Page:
Simple meals, Paris

Eeek, I’m still alive, just working! And this weekend I flaked out and was lazy during our snowed-in Nor’Easter day, instead of catching up on posts. Anyway, back to Paris…

On Saturday night we ate near the apartment (which was a great little studio in a perfect location–highly recommended). I had so-so boudin noir with apples and potatoes, and Ben had truly fantastic roast chicken. The best thing, though, was the starter: A strong chevre, broiled on slices of spice bread and pear. I am still working on my aversion to goat cheese but despite being a real bottom-of-the-barn stinky variety, I loved this. (Sadly I don’t have any photos.)

Sunday we made our way through the rain to Le Comptoir, Yves Camdeborde’s bistro in a hotel fairly close to our apartment. (When I met Daniel Boulud last spring he was giving restaurant recommendations and this was the first restaurant he mentioned in Paris.) On weeknights there is a crazily inexpensive prix fixe (booked up months in advance), but on weekends it’s just the bistro menu. Apologies for the photos, something went wrong with my camera colors.

I’m mad at myself–I love these simple metal bread baskets, and meant to grab one for myself, since I really do need a bread basket. I forgot, though: Next time!

I’m also in love with the shape of this carafe (and note the fun short squat water glasses!)–I was tempted to ask if I could buy one from them, but I didn’t want to carry it to Lyon.

This very dapper young man was flitting to and from his mom’s outdoor table, snagging his mother’s seared scallops and enjoying his pamplemousse presse. Later I saw him with a friend sitting in the window of the hotel lobby.

The small and cozy dining room:

Ben had roasted rack of lamb, served over roasted red peppers and sprinkled with almonds:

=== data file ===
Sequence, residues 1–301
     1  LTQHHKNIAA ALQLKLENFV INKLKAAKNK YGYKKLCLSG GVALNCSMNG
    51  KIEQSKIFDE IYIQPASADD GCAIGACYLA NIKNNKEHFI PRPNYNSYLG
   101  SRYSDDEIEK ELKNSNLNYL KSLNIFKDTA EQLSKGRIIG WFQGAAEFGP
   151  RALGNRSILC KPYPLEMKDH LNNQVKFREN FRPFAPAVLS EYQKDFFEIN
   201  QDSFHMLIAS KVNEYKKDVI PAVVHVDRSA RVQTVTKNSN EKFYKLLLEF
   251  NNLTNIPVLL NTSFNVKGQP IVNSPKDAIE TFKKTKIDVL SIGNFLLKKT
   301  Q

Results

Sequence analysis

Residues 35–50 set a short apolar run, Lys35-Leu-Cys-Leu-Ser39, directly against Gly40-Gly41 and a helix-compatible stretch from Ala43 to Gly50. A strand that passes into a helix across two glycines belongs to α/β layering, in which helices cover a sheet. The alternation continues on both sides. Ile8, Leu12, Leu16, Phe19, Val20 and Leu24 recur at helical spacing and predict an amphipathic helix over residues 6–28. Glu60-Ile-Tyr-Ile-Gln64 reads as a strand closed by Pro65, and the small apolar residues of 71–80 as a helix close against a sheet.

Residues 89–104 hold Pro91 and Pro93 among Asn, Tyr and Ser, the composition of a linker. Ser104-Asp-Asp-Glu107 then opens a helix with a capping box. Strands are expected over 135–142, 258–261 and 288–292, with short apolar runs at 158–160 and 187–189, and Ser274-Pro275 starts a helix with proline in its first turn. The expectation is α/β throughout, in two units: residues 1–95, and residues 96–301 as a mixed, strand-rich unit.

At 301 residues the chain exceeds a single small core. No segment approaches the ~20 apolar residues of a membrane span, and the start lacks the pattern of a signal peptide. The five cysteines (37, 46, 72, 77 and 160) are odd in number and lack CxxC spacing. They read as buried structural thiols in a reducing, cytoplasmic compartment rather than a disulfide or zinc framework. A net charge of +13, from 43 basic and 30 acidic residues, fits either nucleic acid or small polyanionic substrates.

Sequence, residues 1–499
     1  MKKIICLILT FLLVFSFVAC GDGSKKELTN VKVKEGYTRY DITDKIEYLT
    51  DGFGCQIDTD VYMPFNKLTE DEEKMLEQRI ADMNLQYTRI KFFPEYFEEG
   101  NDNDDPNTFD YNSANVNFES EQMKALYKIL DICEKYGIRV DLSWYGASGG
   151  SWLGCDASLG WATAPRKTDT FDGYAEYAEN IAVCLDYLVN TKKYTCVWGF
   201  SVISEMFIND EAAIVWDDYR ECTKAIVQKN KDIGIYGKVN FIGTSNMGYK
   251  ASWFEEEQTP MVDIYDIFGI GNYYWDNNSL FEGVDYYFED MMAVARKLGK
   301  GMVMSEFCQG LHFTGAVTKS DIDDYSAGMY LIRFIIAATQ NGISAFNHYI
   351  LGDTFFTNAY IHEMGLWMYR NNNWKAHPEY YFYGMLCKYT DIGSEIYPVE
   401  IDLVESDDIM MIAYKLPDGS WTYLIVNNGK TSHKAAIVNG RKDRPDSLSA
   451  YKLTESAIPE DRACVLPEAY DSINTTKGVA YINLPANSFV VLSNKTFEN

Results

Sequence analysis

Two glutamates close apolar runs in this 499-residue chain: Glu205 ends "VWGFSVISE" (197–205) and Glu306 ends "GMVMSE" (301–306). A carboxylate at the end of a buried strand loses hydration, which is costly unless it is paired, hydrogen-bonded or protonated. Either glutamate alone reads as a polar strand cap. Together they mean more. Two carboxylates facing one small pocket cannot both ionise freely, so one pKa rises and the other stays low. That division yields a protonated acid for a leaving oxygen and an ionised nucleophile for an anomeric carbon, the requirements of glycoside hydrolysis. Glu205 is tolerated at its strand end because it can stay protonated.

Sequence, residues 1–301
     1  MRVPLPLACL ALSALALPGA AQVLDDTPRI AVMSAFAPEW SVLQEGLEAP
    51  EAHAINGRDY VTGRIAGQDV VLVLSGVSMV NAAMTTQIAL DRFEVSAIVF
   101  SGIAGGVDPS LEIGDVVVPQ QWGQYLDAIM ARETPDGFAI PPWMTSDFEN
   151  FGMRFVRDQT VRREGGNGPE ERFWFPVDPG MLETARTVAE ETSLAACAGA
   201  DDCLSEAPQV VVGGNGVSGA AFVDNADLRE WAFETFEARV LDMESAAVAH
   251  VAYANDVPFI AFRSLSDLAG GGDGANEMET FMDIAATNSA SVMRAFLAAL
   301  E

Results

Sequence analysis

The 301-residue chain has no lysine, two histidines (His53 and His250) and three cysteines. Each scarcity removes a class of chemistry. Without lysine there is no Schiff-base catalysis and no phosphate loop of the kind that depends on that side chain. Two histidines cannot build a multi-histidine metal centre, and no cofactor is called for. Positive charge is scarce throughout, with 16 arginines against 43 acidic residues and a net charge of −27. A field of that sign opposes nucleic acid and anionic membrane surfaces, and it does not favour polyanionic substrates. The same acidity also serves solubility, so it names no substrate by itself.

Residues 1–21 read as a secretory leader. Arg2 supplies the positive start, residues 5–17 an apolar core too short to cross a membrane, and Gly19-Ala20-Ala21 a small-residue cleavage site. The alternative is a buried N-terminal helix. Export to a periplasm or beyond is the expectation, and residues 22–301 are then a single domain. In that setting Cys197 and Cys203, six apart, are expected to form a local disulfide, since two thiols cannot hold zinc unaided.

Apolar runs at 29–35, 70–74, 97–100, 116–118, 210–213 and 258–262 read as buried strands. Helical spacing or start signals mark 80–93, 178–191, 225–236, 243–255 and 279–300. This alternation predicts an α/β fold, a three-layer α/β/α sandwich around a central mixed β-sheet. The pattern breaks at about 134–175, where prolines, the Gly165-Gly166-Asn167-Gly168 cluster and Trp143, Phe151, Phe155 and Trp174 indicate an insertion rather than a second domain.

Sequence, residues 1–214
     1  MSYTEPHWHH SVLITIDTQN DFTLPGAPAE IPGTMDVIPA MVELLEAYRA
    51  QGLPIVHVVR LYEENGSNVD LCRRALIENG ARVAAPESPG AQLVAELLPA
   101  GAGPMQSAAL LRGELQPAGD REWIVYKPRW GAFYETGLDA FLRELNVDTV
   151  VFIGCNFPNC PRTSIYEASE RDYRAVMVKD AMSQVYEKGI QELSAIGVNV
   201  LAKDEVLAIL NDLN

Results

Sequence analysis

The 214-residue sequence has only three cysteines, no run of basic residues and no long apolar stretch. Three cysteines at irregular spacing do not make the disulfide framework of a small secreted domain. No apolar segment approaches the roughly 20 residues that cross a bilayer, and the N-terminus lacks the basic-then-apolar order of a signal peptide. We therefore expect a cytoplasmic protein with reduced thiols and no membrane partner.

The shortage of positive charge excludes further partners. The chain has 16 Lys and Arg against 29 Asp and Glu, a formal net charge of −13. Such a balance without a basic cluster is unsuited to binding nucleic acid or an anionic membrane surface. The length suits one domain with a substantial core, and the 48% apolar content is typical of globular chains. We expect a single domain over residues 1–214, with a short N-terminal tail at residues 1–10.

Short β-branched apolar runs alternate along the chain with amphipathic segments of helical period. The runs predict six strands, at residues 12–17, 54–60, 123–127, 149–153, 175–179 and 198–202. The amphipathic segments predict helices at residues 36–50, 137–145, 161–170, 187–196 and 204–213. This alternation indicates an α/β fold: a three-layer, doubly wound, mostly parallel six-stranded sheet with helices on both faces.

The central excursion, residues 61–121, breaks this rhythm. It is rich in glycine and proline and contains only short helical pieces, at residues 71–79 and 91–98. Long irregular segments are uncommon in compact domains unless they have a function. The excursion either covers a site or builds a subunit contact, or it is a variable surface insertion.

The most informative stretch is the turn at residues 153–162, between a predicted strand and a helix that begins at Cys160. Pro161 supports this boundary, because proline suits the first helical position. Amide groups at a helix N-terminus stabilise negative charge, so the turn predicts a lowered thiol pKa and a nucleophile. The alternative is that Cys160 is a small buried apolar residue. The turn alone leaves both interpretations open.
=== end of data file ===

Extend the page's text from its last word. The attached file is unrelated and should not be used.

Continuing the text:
Ok, brace yourself for one of the worst photos ever to appear on this blog. I had braised beef cheeks, served with…elbow macaroni! It was fantastic, so tender and warm and savory, and the noodles were perfectly cooked and a nice change from potatoes, etc. It was great. And mine also was sprinkled with almonds, and then with some lemon zest, which freshened it up nicely. So good, I want to try this myself. However, this photo rots. Sigh.

I am very, very eager to try the prix fixe, and will definitely make a reservation the minute I find out I’ll be in Paris next. I highly recommend the bistro menu, too! Very reasonably priced and a cut above the average good meal in Paris, which…

Finally, Ben took this photo of me, and I love the light and my slightly unfocused gaze. Clearly I needed that coffee!

7 thoughts on “Simple meals, Paris”

  1. It was one of my favorites in elementary school (and, um, now), along with anana. We used to watch this video in first or second grade with all these claymation or puppet fruits, and one of the lines was “L’Anana ne parle pas!” If you speak french, say it out loud. So catchy!! And I still don’t remember why the pineapple was giving the silent treatment.

  2. You can get the squatty glasses at A. Simon, a restaurant supply store near Les Halles. They probably have the bread basket and carafe there, too.

  3. Yay! Thanks for the new post! I don’t know what to cook!
    Paris … sigh – how lovely. you are doing the city proud.

    Oh! I wanted to tell you! I was at Lucques with some friends on the Sunday of my birthday and my best birthday present was Suzanne Goin cooking that night, and stopping by the table for a nice long chat!
    I thought of you!
    The meal (Pork Belly on farro) was … beyond description…

  4. Kim- Excellent, thank you! I’m hoping to get back fairly soon and I’ll definitely make that a mission.

    Germi! Oh my GOD I am so jealous!!! What a treat. One day I *will* go to LA and I will *definitely* make sure I eat there…. Happy Birthday! xoxoxoxo

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